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Letter: A call for compassion in the midst of commotion

SHARE Letter: A call for compassion in the midst of commotion
Letter to the editor

Deseret News

A few weeks ago, my wife and I were talking one evening, and we felt particularly blessed amid the uncertainty that surrounded us. We had food, water, short-term emergency storage and a dual income that doesn’t appear to be threatened. We’re not wealthy, but we are taken care of. Then our conversation turned to the stimulus money — and we realized we didn’t need it. Of course, we could use it to bring down our mortgage (there’s plenty of that left!), or throw it at a large landscaping project and lawn renewal we would like for our house (and believe me, our lawn could use the help), or buy new phones. But we didn’t need to do those things.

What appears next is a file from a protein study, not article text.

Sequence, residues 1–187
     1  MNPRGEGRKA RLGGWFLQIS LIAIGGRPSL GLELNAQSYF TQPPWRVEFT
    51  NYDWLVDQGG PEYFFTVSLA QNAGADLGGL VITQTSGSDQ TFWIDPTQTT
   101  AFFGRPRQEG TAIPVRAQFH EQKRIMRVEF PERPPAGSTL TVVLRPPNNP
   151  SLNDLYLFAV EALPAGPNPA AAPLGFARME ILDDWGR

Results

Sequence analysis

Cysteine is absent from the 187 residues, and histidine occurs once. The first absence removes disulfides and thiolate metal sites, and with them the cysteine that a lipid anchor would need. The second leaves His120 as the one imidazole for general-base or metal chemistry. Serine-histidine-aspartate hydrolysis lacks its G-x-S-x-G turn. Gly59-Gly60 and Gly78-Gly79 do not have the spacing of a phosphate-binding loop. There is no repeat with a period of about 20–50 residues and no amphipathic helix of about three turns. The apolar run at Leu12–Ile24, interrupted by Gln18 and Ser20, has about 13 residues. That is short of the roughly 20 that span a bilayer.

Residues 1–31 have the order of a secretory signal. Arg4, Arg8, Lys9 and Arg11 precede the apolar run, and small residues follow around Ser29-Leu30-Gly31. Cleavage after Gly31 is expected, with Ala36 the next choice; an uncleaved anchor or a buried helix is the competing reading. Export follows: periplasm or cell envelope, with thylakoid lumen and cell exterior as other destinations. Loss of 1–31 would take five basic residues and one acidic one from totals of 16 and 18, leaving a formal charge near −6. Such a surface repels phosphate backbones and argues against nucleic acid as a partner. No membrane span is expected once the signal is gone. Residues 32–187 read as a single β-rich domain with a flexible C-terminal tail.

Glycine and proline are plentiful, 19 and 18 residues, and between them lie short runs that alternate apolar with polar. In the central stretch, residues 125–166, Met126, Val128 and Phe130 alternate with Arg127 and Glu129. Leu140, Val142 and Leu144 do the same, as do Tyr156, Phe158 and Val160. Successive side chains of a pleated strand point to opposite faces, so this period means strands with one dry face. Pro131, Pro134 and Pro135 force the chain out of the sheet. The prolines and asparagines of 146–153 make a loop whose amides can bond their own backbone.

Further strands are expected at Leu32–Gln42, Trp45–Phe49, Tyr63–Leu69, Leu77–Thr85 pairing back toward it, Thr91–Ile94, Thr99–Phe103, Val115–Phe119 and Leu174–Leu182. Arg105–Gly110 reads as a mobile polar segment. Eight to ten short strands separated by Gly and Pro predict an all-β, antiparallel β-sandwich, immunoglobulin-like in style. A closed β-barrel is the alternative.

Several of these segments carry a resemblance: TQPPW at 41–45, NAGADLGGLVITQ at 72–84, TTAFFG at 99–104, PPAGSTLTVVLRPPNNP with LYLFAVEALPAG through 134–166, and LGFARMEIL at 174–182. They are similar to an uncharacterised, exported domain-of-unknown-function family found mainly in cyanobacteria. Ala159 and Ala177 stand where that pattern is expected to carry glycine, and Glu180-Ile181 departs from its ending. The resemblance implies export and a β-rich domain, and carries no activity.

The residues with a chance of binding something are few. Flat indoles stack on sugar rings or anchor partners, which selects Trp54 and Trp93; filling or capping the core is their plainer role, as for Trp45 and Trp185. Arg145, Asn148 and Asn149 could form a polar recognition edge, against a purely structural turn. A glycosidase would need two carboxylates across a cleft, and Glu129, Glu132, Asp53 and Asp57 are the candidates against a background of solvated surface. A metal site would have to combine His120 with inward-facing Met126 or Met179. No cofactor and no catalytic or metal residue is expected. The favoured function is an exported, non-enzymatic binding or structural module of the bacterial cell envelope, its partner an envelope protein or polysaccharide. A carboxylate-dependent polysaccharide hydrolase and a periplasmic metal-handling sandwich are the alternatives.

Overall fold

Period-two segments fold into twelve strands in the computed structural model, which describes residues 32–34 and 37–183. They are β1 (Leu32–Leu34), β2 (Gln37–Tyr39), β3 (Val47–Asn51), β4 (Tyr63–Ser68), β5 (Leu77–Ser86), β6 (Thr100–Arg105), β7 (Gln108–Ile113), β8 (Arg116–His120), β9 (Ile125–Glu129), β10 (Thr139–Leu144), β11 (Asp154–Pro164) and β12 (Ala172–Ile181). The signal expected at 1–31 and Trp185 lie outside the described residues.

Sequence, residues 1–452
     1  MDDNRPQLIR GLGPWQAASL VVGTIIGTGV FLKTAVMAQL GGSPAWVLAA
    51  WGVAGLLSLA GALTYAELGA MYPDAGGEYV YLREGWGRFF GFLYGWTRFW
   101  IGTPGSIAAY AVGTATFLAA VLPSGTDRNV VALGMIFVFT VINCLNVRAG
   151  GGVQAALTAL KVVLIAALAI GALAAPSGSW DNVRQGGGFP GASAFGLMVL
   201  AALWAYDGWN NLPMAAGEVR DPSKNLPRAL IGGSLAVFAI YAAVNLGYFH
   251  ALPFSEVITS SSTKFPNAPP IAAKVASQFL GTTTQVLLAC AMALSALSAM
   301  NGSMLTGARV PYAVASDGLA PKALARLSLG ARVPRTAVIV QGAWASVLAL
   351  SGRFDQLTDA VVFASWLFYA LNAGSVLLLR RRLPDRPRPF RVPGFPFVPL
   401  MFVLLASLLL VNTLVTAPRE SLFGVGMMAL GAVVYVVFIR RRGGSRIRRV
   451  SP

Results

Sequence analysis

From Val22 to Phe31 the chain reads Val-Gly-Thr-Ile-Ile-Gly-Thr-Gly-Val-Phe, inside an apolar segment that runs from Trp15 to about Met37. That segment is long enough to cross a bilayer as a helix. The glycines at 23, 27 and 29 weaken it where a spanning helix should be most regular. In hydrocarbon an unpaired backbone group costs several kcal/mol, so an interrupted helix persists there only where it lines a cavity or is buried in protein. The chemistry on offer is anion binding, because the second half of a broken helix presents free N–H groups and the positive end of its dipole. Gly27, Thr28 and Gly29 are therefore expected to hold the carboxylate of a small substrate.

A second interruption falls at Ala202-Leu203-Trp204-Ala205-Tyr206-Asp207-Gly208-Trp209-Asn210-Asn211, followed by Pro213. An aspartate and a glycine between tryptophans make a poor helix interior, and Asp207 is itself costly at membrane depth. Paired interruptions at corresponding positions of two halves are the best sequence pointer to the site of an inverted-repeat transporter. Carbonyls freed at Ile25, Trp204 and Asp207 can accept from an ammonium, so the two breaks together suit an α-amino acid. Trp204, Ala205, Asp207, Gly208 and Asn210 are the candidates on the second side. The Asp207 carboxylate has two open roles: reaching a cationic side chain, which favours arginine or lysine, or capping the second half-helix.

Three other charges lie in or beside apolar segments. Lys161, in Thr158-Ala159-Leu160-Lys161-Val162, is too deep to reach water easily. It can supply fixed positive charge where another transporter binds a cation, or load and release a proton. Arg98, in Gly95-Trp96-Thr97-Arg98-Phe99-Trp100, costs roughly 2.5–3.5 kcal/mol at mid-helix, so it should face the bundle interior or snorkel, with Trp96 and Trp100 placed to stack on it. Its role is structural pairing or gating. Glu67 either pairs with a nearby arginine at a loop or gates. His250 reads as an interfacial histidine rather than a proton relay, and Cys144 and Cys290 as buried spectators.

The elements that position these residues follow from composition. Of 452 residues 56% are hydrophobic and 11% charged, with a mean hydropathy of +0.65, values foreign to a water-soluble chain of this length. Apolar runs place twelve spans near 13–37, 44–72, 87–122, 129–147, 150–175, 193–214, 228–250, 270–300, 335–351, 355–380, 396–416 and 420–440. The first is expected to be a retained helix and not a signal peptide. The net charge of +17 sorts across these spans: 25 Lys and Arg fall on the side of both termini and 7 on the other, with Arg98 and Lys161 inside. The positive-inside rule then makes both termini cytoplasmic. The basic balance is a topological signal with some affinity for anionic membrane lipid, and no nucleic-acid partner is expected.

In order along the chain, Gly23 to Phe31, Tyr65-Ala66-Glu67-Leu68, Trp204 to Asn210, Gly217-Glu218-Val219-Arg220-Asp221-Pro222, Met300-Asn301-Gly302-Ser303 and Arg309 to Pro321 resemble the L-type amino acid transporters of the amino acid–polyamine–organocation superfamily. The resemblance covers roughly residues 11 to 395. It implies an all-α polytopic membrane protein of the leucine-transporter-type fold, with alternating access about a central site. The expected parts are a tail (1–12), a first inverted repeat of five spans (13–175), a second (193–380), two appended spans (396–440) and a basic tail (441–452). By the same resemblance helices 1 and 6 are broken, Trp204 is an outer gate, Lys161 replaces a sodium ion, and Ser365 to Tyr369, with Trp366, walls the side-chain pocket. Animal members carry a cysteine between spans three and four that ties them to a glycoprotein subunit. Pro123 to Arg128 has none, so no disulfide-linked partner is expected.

And a question formed for us — should we give it to someone who needs it during this critical time? And the answer seemed clear: yes. In the weeks since we first talked, and now having the money in hand, I’ll admit that those personal desires feel rather louder in comparison to giving the money away. But the adage comes to mind, “Never suppress a generous thought.”

And we encourage you to do the same — reach out to those in greater need than you and help them stabilize. Whether you can give all your stimulus, or half of it, or even 10%, do what you can. It could be a family member, your neighbor, the local food bank or a struggling small business. Just find a need and help.

Cameron Poulter

Draper, UT